Black River ran wild 100 years ago
the worst floods in Jackson County occurred a century ago.
Although the disastrous flood which swept a large portion of Black River Falls in 1911 is better known, flooding during the first week of March, 1876, was a tragic event.
A photo of that flood and ice gorge in Black River Falls is the oldest exterior picture in the collection now owned by the Jackson County Historical Society. Only a few portraits were made in Jackson County prior to march 12, 1876, when photographer E. P. Slater snapped his picture.
Merchants had moved out
March 11, 1876 Badger State Banner reported the sudden rise of Town Creek.
The three bridges over the creek had gone out with a loss to the township of Albion of $10,000. Water and ice from three to seven feet deep in "the grove" area was reported, as well as a great ice gorge backed up toward the dam. Ice cakes were up to four feet thick.
Damage in Black River Falls to bridges, dams, lumber mills and other property was itemized in the paper and 30 home owners had damage to real estate and personal property. The editor commented, "It is impossible to estimate the loss." He wrote:
"Soon after that time the large Howe truss bridge over the river in the lower part of town gave way with a tremendous crash and went down with the ice to form a barrier below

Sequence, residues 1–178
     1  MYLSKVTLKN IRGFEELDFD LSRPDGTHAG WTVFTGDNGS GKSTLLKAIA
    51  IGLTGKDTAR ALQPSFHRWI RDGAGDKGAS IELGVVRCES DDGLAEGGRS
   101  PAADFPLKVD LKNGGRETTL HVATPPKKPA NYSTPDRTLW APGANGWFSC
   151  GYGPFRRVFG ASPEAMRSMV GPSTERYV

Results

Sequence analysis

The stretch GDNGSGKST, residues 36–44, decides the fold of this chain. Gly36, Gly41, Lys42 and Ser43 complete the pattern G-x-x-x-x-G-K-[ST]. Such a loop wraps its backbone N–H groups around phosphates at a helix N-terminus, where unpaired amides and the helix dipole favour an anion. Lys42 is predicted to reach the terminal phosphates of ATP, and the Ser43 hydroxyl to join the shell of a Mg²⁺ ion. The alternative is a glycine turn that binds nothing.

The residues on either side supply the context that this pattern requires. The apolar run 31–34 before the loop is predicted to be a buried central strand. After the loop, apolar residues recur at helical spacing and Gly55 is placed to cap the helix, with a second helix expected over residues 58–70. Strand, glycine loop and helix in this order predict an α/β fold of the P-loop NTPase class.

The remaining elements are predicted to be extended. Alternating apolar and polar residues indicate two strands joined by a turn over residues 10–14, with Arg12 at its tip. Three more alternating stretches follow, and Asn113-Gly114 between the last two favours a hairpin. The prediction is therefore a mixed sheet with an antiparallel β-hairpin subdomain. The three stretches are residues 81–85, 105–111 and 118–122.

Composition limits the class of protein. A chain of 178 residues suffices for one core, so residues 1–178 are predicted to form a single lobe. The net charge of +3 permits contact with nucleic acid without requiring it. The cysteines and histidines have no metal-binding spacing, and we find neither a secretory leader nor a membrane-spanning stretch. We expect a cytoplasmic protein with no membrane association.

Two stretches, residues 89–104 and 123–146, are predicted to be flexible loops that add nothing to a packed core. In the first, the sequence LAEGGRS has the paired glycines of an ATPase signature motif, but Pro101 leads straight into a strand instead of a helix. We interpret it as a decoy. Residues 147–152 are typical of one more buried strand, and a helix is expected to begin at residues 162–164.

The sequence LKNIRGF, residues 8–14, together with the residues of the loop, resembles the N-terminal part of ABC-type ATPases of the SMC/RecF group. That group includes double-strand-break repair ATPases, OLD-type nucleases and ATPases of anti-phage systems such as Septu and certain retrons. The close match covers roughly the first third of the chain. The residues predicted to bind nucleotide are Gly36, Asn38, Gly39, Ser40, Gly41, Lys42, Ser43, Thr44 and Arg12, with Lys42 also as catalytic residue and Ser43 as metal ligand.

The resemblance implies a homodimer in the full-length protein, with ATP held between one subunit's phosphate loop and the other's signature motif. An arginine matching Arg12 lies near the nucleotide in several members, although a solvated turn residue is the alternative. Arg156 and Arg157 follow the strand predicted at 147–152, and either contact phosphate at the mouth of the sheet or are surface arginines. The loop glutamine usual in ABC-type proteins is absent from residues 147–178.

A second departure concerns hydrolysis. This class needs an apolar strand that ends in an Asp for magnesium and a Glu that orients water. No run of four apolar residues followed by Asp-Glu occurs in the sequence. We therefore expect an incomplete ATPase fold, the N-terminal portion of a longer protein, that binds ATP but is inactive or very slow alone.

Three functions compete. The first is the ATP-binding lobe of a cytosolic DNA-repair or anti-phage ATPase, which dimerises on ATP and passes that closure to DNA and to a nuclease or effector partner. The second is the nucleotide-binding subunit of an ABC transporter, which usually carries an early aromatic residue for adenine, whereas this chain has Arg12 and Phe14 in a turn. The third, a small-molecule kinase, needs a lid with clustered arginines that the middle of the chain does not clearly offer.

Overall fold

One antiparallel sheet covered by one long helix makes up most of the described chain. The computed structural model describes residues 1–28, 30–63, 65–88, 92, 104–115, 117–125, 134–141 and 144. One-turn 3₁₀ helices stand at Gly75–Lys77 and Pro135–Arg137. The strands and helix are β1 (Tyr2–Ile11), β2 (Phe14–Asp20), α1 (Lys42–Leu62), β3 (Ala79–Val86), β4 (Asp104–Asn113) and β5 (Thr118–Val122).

"About one o'clock the center pier under the bridge crossing the river to the depot went out by the force of the huge masses of solid ice driven with tremendous velocity. Between one and two o'clock Saturday morning an ice gorge commenced forming a short distance below the lower part of the village, and by three o'clock some 20 or 30 houses in that region were being flooded with the inhabitants rushing in all directions for a place of safety.
"Some narrowly escaped being drowned, the water coming up from three to five feet above the floors before help arrived. The editor and his family were lucky enough to take a boat ride for about 50 rods at three o'clock in the morning. The weather was extremely cold and several persons had their fingers or toes frozen."
"Three quarters of the bridges are swept away and only two or three grist mills are now in running order. The dams at Thompson's mill on Squaw Creek, Hanson's wool-carding and sawmill are gone and the dam at John Edmunds' grist mill (now Rustic Mill) was seriously damaged.
"In the town of Hixton the dams are out or damaged and nearly every bridge is washed out and the same is about true throughout Jackson County."
The March 4, 1932, Banner-Journal carried a story about Henry Eberts, who played a heroic role in the tragic Trempealeau River flooding 100 years ago. It stated, "That flood was probably the biggest that had been witnessed since the white people came there in the early 1850s."
The record still holds.
Extracted from the Eau
Claire Leader Telegram
Special Publication, Our Story 'The Chippewa Valley and Beyond', published 1976
Used with permission.